Alfonso Barreiro offers some tips on choosing a Security Information and Event Management (SIEM) solution and addresses the question of whether you need one.
IT organizations, faced with an increasing volume of logs from multiple sources are turning to Security Information and Event Management (SIEM) solutions to help manage the flood of information and at the same time, analyze it in order to find evidence of security incidents. Implementing a successful SIEM solution, however, is not an easy project. Here we will examine what to look for in a SIEM product and provide some guidance for a successful implementation.
What is SIEM?
SIEM is the combination of two different types of products, SIM (Security Information Management) that gathers and creates reports from security logs and SEM (Security Event Manager) that uses event correlation and alerting to help with the analysis of security events. On the other hand, traditional log management tools only collect and report on the captured log data.
In order to benefit from the features of a SIEM solution, an organization has to be able to monitor and respond to the events discovered in the security logs. As a minimum, a log review process (like the one described here) should already be in place to ensure that the appropriate resources are committed to a regular review of the security logs and that investigations of anomalous events can be carried out in a timely manner. Ideally, an incident response process should also be in place, with corresponding policies and resources to respond to security incidents.
Another important consideration is that the organization must be willing to commit resources to the maintenance, adjusting and evolution of the tool. Event correlation, one of the defining characteristics of a SIEM product, will not turn raw log data into actionable information by itself. Most tools provide a generic set of default correlation rules, conditions or dashboards that in most cases are not the perfect fit for your organization. Your organization's analysts must customize and continually improve the rules, reports and dashboards and adapt them to the organization's needs. If the resources for the regular "maintenance" tasks of the tool are not available, the value the SIEM tool might bring will be easily lost.
What to look for in a SIEM solution?
Now that we know what a SIEM is and the resource commitments it requires, we can take a look at various features and characteristics that you should pay attention to when choosing a product:
Licensing and scalability: Different SIEM vendors license their products differently. Some of the most common licensing modes are:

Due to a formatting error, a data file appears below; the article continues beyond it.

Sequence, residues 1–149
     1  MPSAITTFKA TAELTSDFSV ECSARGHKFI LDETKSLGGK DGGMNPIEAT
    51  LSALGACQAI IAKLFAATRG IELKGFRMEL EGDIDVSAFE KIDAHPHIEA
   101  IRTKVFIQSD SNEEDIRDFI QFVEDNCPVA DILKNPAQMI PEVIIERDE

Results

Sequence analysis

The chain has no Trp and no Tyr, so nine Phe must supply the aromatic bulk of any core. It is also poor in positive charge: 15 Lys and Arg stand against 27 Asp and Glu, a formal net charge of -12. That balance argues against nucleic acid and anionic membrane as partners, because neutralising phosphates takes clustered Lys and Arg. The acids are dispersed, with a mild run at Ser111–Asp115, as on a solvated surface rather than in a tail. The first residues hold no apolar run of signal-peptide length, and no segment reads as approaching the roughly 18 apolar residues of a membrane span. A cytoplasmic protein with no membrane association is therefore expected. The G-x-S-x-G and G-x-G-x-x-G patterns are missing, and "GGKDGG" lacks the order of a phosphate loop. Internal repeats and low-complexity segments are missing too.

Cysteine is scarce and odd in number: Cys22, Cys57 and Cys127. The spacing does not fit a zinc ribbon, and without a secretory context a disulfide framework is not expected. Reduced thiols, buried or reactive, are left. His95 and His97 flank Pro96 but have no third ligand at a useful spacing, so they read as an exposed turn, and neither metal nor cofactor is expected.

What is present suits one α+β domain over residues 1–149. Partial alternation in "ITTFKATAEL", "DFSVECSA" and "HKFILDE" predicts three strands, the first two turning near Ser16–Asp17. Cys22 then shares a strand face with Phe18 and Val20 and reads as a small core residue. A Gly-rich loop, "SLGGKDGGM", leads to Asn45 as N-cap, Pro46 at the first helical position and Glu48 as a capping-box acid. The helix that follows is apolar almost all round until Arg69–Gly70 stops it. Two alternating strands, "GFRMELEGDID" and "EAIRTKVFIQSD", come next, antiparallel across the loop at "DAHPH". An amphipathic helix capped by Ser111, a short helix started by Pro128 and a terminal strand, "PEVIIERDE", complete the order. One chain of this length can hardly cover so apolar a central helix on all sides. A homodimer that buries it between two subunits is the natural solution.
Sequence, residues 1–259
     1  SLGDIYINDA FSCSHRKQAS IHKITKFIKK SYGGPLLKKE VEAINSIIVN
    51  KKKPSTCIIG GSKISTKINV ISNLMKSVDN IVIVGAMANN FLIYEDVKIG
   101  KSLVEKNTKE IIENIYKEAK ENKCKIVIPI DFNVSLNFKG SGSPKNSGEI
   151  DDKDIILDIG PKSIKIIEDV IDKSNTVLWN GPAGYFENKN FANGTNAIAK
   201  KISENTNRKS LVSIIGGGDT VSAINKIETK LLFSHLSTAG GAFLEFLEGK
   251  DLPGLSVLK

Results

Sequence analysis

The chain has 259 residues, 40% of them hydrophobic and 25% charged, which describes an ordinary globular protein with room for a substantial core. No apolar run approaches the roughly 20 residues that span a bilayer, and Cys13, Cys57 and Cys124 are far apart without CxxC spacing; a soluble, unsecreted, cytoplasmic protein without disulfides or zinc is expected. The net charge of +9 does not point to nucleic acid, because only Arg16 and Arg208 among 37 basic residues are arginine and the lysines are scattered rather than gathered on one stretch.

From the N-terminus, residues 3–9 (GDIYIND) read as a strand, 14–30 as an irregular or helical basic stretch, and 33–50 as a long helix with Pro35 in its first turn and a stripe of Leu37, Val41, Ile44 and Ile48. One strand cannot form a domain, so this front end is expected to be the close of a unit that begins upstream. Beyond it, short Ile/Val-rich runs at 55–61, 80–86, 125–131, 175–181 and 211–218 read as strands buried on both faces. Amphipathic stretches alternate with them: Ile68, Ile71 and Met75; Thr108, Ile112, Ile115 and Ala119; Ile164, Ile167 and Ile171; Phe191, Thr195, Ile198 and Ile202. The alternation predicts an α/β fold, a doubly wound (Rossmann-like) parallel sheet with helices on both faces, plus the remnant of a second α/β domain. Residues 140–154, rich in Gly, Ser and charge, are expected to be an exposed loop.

- Number of monitored computers/devices
- Number of events per day/hour/minute and log volume size (in MB). If you have a baseline of the logs you wish to monitor, you should already know most (if not all) of this information beforehand.
Be aware that some products may limit functionality (or worse - like stopping event logging) if you exceed your license, particularly those whose license is based on a given number of events or volume.
Make sure you verify that your selected product is able to accommodate future growth, especially in the storage department. You must be able to expand the storage available for both the parsed (or normalized) events as well as the raw logs.
Log compatibility: Since there is no single accepted log standard, not all SIEM products are able to capture events from every log source conceivable. You must ensure that the product is compatible with all of your required logging needs and that they can be parsed and normalized. Since you may need to add logs in the future from new unknown sources, the product must provide you a way to integrate these new logs or you should ask if the vendor can do it for you upon request.
The correlation engine: The correlation engine depends mainly on rules the product can use. The ease of their creation for those rules is critical. The search function available for events is also very important, as you will need the ability to search across multiple devices, logs and timeframes. Ideally, the search results will allow some manner of drilldown all the way to the raw log data.
Dashboards, reporting and general user interface: The tool must provide the ability to create your own dashboards and reports. Ideally, the dashboards should operate in real-time and provide drilldown capabilities. The ease to create custom reports is also important, as well as their timely performance. Since the SIEM product will be one of the main tools used during the investigation or analysis of any security incidents, its performance and general UI design should be intuitive enough so as to not slow down the operator.
Do you need a SIEM solution?
As described here, a SIEM solution requires resources that not all organizations may be ready to commit. You can always evaluate tools that can perform log management and offer the compliance level you require, but allow you to grow into a full SIEM installation later on.
SIEM is not a silver bullet that will on its own solve all your security issues, but when properly staffed and supported, it can provide an excellent way to quickly identify and act on security threats.